Event Title

Designing New Composite Foot Supports for Bunions

Faculty Mentor

Dr. Simin Nasseri

Proposal Type

Oral Presentation

Start Date

2-11-2019 9:10 AM

End Date

2-11-2019 10:10 AM

Location

Nesbitt 2204

Abstract

This presentation outlines the details regarding the design and fabrication of a hallux valgus, or bunion support. Hallux valgus is a deformity occurring in a large amount of the population. Most individuals who suffer from this deformity have trouble walking due to the displacement of the hallux or largest toe placing pressure on the joints resulting in pain for the individual during movement. Current methods for hallux valgus correction require extensive surgery and extended recovery times. The use of the support for correction will allow the patient to wear the device daily and provides a non-invasive method to correct the deformity.

Two composite models are developed for the first time. Each model is consisted of a polymeric shell which wraps around two toes and also the foot and has an insert on the side, which keeps the large toe straight. The models allow for the toes to stay parallel with a certain distance apart. The second model was designed to accommodate various foot sizes easily. The top part has an adjustable closure, which makes the support ‘one size fits all.’ It has many holes on one side and a snap closure on the other side.

Design features built into the design allow for simple manufacturing and changes to be made as the patients’ recovery progresses. The models chosen for analysis and fabrication allow the patient to wear the support at any stage of deformity to allow for the correction process to begin. In both models, the insert can be bent and gradually get straight to apply a gradual force on the large toe.

The models were designed and analyzed using Solidworks finite element analysis. The trial inserts have been made of Aluminum, steel and carbon fiber. The first model is constructed using 3D printing techniques to validate the findings.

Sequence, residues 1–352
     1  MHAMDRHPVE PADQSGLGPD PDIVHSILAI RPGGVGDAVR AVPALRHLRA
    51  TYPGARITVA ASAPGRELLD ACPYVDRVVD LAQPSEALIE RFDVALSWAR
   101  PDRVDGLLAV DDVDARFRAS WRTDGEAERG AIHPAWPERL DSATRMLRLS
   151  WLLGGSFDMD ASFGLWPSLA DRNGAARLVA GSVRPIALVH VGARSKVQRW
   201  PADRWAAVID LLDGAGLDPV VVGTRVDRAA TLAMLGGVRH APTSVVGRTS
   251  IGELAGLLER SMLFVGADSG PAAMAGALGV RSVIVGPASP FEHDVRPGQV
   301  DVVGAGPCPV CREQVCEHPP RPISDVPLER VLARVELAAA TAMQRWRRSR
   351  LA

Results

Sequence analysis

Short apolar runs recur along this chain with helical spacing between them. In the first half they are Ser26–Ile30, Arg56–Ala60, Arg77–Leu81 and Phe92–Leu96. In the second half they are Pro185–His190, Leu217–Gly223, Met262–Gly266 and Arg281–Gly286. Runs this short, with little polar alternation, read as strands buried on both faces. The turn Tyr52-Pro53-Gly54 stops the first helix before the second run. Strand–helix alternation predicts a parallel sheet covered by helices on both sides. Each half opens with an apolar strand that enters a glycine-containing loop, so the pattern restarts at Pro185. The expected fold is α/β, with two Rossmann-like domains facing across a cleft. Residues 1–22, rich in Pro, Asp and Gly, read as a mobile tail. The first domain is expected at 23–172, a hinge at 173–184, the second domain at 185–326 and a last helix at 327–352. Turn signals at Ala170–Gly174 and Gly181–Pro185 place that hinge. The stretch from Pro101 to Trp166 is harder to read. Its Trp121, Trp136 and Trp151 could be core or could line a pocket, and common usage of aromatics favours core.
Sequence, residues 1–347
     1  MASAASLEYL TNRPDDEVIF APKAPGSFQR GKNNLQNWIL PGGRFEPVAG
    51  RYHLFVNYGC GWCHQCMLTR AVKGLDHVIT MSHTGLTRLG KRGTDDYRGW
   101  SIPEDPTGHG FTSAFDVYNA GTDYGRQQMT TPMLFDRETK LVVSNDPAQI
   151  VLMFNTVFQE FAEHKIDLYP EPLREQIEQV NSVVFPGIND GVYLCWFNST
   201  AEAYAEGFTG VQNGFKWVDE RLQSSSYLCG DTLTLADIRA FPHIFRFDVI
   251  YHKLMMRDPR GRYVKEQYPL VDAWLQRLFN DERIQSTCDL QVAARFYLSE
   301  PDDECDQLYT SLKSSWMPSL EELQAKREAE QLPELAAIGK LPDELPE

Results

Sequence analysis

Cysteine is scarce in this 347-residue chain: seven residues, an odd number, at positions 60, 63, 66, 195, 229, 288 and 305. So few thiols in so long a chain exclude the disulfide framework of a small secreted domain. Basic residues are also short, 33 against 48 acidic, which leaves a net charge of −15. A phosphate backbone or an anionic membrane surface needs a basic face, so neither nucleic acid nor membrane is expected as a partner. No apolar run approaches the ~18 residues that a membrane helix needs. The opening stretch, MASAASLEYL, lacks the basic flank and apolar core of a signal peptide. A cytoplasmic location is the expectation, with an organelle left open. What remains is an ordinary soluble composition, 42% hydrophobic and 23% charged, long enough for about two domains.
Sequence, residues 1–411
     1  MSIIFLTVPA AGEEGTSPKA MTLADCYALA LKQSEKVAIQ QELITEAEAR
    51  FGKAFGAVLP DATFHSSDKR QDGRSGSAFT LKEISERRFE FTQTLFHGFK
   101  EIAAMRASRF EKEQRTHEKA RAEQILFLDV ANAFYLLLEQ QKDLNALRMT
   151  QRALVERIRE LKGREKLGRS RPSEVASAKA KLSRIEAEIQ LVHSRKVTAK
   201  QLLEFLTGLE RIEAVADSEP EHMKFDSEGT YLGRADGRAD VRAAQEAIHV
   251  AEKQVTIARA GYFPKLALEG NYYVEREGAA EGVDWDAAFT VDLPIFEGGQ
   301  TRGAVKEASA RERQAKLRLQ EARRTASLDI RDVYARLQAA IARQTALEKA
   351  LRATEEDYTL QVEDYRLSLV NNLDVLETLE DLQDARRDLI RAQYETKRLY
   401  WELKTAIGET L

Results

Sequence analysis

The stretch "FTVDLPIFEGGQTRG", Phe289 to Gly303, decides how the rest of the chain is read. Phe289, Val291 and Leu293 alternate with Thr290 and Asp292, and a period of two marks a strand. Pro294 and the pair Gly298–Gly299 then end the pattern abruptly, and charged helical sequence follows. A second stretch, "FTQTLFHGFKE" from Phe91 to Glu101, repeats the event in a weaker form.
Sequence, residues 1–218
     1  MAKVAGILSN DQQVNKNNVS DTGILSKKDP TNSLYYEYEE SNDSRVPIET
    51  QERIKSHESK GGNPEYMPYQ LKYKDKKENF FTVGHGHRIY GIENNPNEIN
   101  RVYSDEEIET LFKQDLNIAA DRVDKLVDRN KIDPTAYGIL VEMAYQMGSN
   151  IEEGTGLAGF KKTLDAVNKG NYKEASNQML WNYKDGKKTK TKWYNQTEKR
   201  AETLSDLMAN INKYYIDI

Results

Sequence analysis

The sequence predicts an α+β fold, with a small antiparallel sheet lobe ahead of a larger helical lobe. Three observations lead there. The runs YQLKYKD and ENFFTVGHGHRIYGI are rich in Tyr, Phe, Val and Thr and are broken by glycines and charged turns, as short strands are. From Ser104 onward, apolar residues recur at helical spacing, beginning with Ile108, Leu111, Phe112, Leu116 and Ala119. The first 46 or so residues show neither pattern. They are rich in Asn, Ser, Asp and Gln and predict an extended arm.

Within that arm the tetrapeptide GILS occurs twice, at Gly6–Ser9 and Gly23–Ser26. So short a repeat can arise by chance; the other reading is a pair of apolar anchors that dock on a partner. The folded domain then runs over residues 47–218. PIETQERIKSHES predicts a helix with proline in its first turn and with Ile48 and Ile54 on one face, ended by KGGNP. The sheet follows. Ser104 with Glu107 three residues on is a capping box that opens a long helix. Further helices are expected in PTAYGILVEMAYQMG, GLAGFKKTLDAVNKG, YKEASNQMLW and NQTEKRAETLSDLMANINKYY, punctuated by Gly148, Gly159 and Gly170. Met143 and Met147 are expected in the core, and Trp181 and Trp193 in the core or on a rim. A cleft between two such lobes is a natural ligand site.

Comments

The bunion support is based on the composite finger support designed before for the first time. Please see:

https://inpressco.com/design-simulation-and-fabrication-of-a-new-finger-support/

https://inpressco.com/on-fabrication-and-mechanical-testing-of-a-new-finger-support/

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Nov 2nd, 9:10 AM Nov 2nd, 10:10 AM

Designing New Composite Foot Supports for Bunions

Nesbitt 2204

This presentation outlines the details regarding the design and fabrication of a hallux valgus, or bunion support. Hallux valgus is a deformity occurring in a large amount of the population. Most individuals who suffer from this deformity have trouble walking due to the displacement of the hallux or largest toe placing pressure on the joints resulting in pain for the individual during movement. Current methods for hallux valgus correction require extensive surgery and extended recovery times. The use of the support for correction will allow the patient to wear the device daily and provides a non-invasive method to correct the deformity.

Two composite models are developed for the first time. Each model is consisted of a polymeric shell which wraps around two toes and also the foot and has an insert on the side, which keeps the large toe straight. The models allow for the toes to stay parallel with a certain distance apart. The second model was designed to accommodate various foot sizes easily. The top part has an adjustable closure, which makes the support ‘one size fits all.’ It has many holes on one side and a snap closure on the other side.

Design features built into the design allow for simple manufacturing and changes to be made as the patients’ recovery progresses. The models chosen for analysis and fabrication allow the patient to wear the support at any stage of deformity to allow for the correction process to begin. In both models, the insert can be bent and gradually get straight to apply a gradual force on the large toe.

The models were designed and analyzed using Solidworks finite element analysis. The trial inserts have been made of Aluminum, steel and carbon fiber. The first model is constructed using 3D printing techniques to validate the findings.